Friday, 3 February 2012

Nocturne by James Attlee

I looked forward to reading this book:  I adore the moon.  The very first and last chapter is about the author's moon watching in his home area; this was gorgeous reading, and really mirrored my own feeling of wellbeing about stepping outside into moonlight.  I don't know what it is about moonlight, but things always seem brighter with a white, full moon in the sky.

The book in split into several chapters of moonwatching in selected countries: the first is London, and provides us with some background about Galileo and his telescopic discoveries, lunar influence on William Blake's and Shelley's writing, and the experiment some years ago in a Hampshire town when the council switched off the street lights.  (The more I think this last item, the more I think it's a good idea, immediately saving the councils thousands of pounds, surely.)

Part two travels to Japan for the lovely sounding Autumn moon watching festival, which is the most important lunar festival in the Japan year, which falls on the 15th day of the 8th month.  This is when folks in Japan make trips to the best moon-biewing places in the land and they have parties, dancing and general merrymaking (although sometimes the sky gets contaminated with party lights which somehow defeats the point).

Part three visits Naples.  I didn't really care for this middle section of the book, Naples seemed dangerous, and willing to lead tourists astray in attempt to deprive them of their cash, hence a trip up Vesuvius when there was no chance of actually seeing any moon.  Apparently Dickens wandered around the same trip.  Part four is where it gets barmy - in Nevada, Las Vegas.  This is where the author visits a couple who have built an interstellar light collector to collect and focus moonlight for the purpose of curing illness.  The story around this is a bit of a shame, because it actually started out as a scientific experiment, but because of the associations around money being paid for cures, the scientific community won't touch it with a barge pole.  Read the book and decide for yourself.  However, the contrast between the brightly lit streets of Vegas where night is as bright as day, with the dark skies of the desert are interesting.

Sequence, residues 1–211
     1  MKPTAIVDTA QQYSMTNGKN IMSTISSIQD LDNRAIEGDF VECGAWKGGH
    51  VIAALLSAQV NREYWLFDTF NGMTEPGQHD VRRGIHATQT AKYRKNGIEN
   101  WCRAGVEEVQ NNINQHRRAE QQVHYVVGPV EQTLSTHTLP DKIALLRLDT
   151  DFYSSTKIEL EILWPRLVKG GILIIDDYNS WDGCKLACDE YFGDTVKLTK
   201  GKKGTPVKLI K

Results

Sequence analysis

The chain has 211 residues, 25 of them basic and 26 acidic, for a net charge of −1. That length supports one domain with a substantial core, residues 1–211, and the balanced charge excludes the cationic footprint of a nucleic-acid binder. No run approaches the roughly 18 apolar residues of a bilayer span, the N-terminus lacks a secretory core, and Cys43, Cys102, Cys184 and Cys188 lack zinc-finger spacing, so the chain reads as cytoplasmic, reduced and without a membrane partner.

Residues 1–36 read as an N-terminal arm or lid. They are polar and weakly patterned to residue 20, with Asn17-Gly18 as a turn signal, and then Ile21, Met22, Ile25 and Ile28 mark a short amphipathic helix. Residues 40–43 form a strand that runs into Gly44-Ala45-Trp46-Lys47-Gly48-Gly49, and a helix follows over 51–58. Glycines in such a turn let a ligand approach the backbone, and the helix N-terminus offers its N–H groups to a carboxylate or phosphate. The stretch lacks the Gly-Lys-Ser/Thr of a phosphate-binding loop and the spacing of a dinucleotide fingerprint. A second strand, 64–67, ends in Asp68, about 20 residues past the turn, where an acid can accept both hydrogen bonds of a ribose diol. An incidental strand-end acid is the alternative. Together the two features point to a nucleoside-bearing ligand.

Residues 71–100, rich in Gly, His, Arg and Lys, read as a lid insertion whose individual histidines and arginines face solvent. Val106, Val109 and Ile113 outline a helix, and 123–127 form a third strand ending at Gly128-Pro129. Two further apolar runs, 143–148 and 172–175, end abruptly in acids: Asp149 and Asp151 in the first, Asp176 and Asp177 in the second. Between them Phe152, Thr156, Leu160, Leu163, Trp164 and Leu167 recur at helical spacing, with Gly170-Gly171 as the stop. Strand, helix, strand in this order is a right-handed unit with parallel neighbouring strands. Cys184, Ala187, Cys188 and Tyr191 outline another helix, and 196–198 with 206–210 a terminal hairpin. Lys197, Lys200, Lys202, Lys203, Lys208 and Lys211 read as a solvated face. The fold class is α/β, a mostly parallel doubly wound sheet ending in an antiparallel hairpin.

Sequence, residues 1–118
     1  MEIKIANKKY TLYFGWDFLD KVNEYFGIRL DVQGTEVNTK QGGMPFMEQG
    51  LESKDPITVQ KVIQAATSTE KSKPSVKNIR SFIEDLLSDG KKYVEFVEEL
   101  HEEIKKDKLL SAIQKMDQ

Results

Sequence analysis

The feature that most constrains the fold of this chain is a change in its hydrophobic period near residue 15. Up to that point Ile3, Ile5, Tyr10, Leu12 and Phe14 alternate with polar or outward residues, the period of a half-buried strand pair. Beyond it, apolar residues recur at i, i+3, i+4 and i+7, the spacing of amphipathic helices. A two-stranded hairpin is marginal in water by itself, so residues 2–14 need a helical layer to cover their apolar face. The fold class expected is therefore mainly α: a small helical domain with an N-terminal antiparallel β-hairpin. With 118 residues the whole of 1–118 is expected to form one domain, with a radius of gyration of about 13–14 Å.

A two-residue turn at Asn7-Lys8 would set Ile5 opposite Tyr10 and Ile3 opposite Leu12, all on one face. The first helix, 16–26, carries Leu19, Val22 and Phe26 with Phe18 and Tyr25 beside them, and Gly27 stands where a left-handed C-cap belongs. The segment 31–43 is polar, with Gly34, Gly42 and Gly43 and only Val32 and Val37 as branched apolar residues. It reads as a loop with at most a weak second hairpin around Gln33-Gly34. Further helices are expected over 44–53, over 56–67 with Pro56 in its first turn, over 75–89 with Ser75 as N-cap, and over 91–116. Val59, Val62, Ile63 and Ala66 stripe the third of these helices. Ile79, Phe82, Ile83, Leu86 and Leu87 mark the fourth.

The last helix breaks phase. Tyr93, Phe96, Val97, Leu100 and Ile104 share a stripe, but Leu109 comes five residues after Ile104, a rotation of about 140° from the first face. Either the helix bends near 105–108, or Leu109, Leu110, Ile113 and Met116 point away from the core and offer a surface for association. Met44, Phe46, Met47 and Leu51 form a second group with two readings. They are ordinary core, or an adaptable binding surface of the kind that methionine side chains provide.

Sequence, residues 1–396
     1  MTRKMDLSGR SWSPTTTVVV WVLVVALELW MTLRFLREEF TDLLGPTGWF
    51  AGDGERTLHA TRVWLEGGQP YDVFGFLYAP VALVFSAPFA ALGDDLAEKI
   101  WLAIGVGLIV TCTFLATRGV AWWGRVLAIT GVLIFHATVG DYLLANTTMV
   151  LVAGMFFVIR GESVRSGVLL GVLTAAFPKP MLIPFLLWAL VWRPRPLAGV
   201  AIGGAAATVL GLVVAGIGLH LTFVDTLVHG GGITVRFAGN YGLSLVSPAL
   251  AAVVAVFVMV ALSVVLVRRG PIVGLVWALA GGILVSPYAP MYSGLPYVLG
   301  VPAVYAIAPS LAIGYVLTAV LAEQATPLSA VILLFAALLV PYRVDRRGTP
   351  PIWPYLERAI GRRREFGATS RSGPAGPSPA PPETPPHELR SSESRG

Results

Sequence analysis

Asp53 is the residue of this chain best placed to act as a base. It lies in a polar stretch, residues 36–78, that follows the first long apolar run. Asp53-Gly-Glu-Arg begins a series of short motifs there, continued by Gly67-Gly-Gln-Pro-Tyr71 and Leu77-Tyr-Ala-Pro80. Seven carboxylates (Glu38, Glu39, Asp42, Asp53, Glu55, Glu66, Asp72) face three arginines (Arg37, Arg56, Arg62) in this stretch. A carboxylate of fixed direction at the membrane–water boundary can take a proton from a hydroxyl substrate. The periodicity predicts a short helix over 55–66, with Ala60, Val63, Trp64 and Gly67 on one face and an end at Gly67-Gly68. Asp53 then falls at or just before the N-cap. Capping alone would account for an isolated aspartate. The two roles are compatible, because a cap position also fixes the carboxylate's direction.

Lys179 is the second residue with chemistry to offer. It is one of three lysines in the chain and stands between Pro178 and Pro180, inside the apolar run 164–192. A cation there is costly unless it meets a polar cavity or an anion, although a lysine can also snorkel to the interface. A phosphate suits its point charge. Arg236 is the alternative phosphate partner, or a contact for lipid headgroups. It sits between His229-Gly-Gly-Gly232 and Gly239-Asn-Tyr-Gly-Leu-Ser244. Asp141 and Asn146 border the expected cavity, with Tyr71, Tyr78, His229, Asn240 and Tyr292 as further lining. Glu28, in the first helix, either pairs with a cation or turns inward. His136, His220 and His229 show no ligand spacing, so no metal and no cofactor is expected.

Part five was a chapter that I feel didn't really sit with the rest of the book.  This took a detour around Germany and the painter Johan Christian Dahl, whose painting was influenced by the moon, and the life of Rudolf Hess, Hitler's deputy.  Hess happened to be influenced by Rudolf Steiner whose ideas were based on the influence of the moon on earth's life, but perhaps this chapter should have focused on Steiner instead?

The book finishes in part six where it began - in London.  This is much more like it, here we get back to a final pursuit of the full moon on a clear night; worries about afternoon shower clouds and bad weather.  I loved the way the author abandoned any concerns about going out very late on a school night just to look at the moon.  Something maybe we should all do occasionally.